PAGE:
Rinsing the Washed Part
The wash stage of the Elegoo Mercury Plus removes most of the resin that is on the surface of the model, but some may remain trapped inside or stuck in fine features or details. Once the part has been washed, it can be rinsed off in a small container with tap water to get off any resin that was still stuck and break off the support material.
This is a slow and gentle process, as the part is still uncured and is slightly tacky to the touch and can be scratched or dented without much force. Using warm tap water while wearing thin vinyl gloves allows the support structure to be removed easily from the part without exposing your skin to any uncured resin.
Running the Resin UV Curing Cycle
Once support is removed and the part has been rinsed, the included wash container is removed from the machine and a small plexiglass turntable replaces it. After placing the rinsed part on the turntable, the “cure” stage of the process can begin. The amount of cure time varies with different resins, but the intervals are again selected in 30 second increments on the touch screen. The Mercury Plus has a stand that contains eight 385nm LEDs and eight 405nm LEDs which are used to fully cure the exposed resin on the surface of the part. A nice safety feature of the Mercury Plus is that the UV LEDs will not activate unless the lid is secured, which helps prevent accidental UV exposure to the user.
The rotating turntable allows the UV LEDs to cure all exposed surfaces, but the part needs to be fully rotated at least once to make sure all surfaces are uniformly cured. This means an object should be placed on its side to allow the top and bottom to be exposed for full and uniform coverage.
Should You Buy the Elegoo Mercury Plus?
The Elegoo Mercury Plus can usually be found available for around $149 online, and goes on sale from time to time for even less. Personally, I think this machine is a bargain and absolutely worth every penny. Cleaning resin parts can be a messy and difficult process that leaves a surface covered in sticky resin and rubbing alcohol, but the Mercury Plus enables users to have a single solution that can solve their post-processing problems.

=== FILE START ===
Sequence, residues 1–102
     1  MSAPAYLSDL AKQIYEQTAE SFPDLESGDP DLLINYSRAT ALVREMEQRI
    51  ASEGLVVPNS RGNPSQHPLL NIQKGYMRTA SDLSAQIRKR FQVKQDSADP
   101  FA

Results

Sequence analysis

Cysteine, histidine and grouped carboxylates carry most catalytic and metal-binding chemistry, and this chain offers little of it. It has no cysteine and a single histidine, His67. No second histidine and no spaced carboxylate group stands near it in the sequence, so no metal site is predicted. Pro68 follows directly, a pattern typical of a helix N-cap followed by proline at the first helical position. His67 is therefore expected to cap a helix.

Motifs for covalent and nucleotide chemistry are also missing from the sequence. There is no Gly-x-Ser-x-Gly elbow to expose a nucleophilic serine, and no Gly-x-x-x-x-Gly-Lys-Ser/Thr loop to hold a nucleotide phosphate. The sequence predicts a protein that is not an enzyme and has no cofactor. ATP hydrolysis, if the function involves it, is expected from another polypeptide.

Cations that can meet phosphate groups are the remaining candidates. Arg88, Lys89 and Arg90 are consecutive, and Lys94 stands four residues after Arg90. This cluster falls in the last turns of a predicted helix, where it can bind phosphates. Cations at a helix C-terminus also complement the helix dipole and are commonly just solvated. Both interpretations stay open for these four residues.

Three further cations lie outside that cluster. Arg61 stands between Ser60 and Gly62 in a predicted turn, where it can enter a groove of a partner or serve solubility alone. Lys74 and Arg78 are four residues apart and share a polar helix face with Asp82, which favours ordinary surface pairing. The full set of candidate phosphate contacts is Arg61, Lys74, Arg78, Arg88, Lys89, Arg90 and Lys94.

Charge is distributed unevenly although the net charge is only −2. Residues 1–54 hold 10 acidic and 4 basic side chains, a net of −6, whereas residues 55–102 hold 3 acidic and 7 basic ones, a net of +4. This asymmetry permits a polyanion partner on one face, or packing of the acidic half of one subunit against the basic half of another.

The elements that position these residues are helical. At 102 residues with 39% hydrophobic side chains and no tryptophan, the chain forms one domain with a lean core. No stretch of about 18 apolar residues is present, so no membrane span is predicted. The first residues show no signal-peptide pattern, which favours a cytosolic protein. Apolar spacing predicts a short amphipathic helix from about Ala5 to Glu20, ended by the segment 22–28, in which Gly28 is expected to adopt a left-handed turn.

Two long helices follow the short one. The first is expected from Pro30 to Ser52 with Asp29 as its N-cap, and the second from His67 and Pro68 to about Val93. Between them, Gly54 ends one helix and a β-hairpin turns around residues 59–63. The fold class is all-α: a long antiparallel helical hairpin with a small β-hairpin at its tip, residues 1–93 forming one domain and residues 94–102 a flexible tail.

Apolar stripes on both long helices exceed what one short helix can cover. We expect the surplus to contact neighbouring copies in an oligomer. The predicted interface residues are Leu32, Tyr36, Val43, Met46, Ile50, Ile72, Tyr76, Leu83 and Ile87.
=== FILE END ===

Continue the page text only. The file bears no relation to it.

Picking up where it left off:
By using the clever solution of a magnetic turntable, the Mercury Plus is able to switch from wash stage to cure stage by simply removing the container of cleaning fluid and placing the acrylic turntable in the machine. This means the need for multiple buckets of fluid is eliminated, as well as the need for a separate UV curing chamber. If you own a resin printer and are interested in simplifying your post-processing setup, I would definitely recommend looking into the Elegoo Mercury Plus.
- Read More: Elegoo Mars 2 Pro Review by Andrew Sink
- Read More: Elegoo Mars Pro Review by Tessa Nesci
Read More: Best Wash and Cure Stations
Post-processing is a big part of 3D printing in resin, and additional equipment, like wash and UV cure stations, is needed. In recent years, these two separate units started coming as two-in-one stations. Similar to 3D printers, washing and curing stations saw a few improvements with time, which made them more efficient with a better user experience. …